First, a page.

What Went Wrong: The Penguins looked like a team that wasn’t hungry to win. The wingers weren’t doing extra work in the defensive zone to help with clears, nor were they taking that extra stride to make a play happen. In Game 1, many of the Penguins big moments occurred due to their quickness to the puck and the effort they were making to get to it first. They failed to replicate that effort and the Isles took advantage of a team sitting back. The Pens as a whole looked too relaxed about how things were going. There was too much gliding, not enough extra effort. I also have no clue why Niskanen accepted Okposo’s fight. It was after a clean hit and Niskanen would have done well to turn the fight down. That is one instance where I don’t understand NHL fighting protocol.
Credit to the Isles: That being said, give credit to the Islanders for putting in the extra effort, even when things went horribly awry for them within the first 4 minutes of the game. They didn’t let up and they knew they had an edge in play as the game went on. Nabokov also had a very strong final 40 minutes after looking shaky early on. The Isles earned that win as much as the Pens earned that loss.
Ice Time: Save this one because I’ll likely never say it again – I was very disappointed Tanner Glass was limited to 4:55 of ice time. Beau Bennett also deserved more than 7:19. The Penguins lacked the same energy and physical presence that they had in Game 1; that was clear early on. Tanner Glass is perfect for that role and should be a solid guy in the playoffs for that reason. It made little sense to me that his minutes were limited when the team looked flat and he could be a spark plug. Bennett had 2 shots and 2 blocked shots in his 7:19 of ice time. I didn’t see any flaws in his game, and though he was hobbled from a blocked shot, he still did play afterwards. Bennett is another guy who deserved more ice time for what he brings to the game. He’s clearly responsible on defense, so I do not understand the fear in using him.
Looking at Game 3: The Isles are a team that struggled at home and were great on the road this season, so don’t forget that heading into Games 3 and 4. Meanwhile, the Pens should have received the ultimate wakeup call after reading about how great they were in Game 1. It’s better than the Pens go through this now against a VERY beatable team rather than learn these lessons against a team like Boston that could take over a series with a shift in momentum. The Isles will be pumped up by the home crowd in Game 3, but if the Pens protect the puck, they have too much talent to not win. Lesson learned, hopefully. As many have said, the Pens had to lose eventually if you picked them to win in 5 or 6. While true, you certainly don’t expect the top seed to give up home ice advantage in the first 2 games of the playoffs, especially after how Game 1 was played.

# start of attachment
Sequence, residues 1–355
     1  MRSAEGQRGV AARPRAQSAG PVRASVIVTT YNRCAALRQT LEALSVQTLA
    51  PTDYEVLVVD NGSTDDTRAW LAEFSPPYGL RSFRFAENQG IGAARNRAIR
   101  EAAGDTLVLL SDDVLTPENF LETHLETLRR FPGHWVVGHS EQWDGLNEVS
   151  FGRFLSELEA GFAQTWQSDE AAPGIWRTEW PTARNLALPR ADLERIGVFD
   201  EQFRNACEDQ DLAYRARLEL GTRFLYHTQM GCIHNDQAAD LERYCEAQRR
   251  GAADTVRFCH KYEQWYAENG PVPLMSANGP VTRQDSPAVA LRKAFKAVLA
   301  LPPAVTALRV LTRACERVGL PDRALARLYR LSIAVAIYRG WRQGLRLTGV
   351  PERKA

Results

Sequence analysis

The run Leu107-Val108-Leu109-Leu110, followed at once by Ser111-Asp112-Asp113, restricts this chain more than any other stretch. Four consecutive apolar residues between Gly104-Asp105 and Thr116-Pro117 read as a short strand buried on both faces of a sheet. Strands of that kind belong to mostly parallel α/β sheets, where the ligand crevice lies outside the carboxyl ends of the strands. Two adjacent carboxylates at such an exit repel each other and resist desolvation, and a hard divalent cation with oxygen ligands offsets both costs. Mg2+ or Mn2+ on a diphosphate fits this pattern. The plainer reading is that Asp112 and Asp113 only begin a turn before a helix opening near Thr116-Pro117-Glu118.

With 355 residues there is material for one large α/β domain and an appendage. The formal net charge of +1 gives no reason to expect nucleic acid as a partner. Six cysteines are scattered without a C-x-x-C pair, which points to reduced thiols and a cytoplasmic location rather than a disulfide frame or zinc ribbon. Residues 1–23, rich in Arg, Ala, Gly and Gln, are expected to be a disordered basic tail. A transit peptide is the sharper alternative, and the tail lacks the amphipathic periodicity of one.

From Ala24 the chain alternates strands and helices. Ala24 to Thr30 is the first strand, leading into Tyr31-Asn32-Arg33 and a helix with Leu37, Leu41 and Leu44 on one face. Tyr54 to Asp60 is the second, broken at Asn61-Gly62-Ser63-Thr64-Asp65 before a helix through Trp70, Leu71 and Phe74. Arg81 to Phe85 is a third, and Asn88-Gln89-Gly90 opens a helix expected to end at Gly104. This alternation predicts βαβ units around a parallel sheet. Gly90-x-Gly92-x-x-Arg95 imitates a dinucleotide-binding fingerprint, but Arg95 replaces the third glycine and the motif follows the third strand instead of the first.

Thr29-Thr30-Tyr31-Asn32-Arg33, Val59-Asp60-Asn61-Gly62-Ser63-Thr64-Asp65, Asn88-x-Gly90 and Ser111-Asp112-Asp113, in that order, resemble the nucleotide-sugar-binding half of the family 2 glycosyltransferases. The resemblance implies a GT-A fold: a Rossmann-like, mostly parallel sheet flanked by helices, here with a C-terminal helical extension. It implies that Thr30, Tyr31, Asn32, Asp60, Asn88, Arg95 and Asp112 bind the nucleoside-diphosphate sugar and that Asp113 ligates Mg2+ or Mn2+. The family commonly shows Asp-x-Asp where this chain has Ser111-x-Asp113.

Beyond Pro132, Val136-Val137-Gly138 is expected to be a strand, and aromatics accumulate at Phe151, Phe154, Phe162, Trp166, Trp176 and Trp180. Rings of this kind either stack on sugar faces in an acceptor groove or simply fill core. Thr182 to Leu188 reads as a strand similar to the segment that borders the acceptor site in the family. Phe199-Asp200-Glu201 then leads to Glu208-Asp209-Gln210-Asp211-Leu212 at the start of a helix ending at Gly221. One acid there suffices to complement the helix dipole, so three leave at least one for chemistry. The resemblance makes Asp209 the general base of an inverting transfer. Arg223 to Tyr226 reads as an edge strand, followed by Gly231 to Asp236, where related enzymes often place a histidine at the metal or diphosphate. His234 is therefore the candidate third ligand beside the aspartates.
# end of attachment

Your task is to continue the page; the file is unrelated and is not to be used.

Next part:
Moving Forward: As I noted before the playoffs, Simon Despres had 2 of his best games against the Islanders this year, so hopefully he will play in Game 3. I had no problem with Engelland playing Game 1, or keeping the lineup the same for Game 2, but Engelland has played his way out now. Despres is a swifter skater and a better puck mover, both necessary things against the Isles.
Goalie Controversy?: No, there shouldn’t be one at all. Fleury should start Game 3 without question. Reasons: 1) Game 2 wasn’t completely his fault, the team played awful, 2) Break his confidence now and you may lose the ability to go to him for the rest of the playoffs, 3) He has to have a longer leash than one mistake if you are going to use him as a starter. If Fleury commits a gaffe that costs the Penguins Game 3, then it will be time for Vokoun. Until that moment though, there is no question in my mind that Fleury is still the starter. If the switch is made to Vokoun now, that will likely be detrimental to Fleury’s postseason, his future in Pittsburgh, and the Penguins’ odds of winning the Cup. I have more faith in Fleury getting through 4 rounds than Vokoun, that’s for sure.
Finally: We count to 16 wins, no one counts the losses. A Stanley Cup Champion can finish with anywhere between 0 and 12 losses. The Pens are at 1. Relax.
1st Goal For (Malkin): + for
- Iginla – feeds the puck across the crease to Malkin
- Malkin – prevents the Islanders from clearing the puck and pokes it to Iginla behind the net, then goes to the front of the net and gets multiple shots on Nabokov, putting a rebound in
2nd Goal For (Crosby): + for
- Kunitz – draws 2 Isles defenders as he and Iginla fight for a loose puck, leaving none on Iginla
- Iginla – taps the loose puck across the crease to Crosby
- Crosby – taps the puck into the net
1st Goal Against (Moulson): – for
- Engelland – in the penalty box for cross-checking
- Cooke – drifts too far to the point and isn’t in position to cover Tavares on the boards
- Murray – slides up towards Tavares but leaves the passing lane open between him and Moulson
- Martin – fails to tie up Boyes and ends up having the puck go off of his stick and in
3rd Goal For (Crosby): + for
- Letang – moves the faceoff win over to Eaton
- Eaton – takes a low hard shot on net that rebounds back out
- Kunitz – draws the defenseman away from the rebound with body contact
- Dupuis – puts Eaton’s rebound back on Nabokov, which rebounds out to Crosby
- Crosby – wins the faceoff, gets the rebound next to the net and scores
2nd Goal Against (McDonald): – for
- Martin – loses the puck battle behind the net
- Engelland – doesn’t make the switch to cover Martin’s side when Martin goes into Engelland’s corner for the puck
- Malkin – sees that Engelland doesn’t go to Martin’s side, but follows Engelland instead of covering the other post to help Fleury
3rd Goal Against (Martin): – for
- Iginla – doesn’t keep up with his backcheck on a 3 on 2 situation
- Letang – releases on Martin and lets Martin get past him to get the puck bouncing off the backboards
4th Goal Against (Okposo): – for
- None – all on Fleury with unfortunate bounce
Playoffs +/-: Click here for the Playoffs +/- Spreadsheet
Also, here is my write up on the regular season +/- at TheHockeyWriters.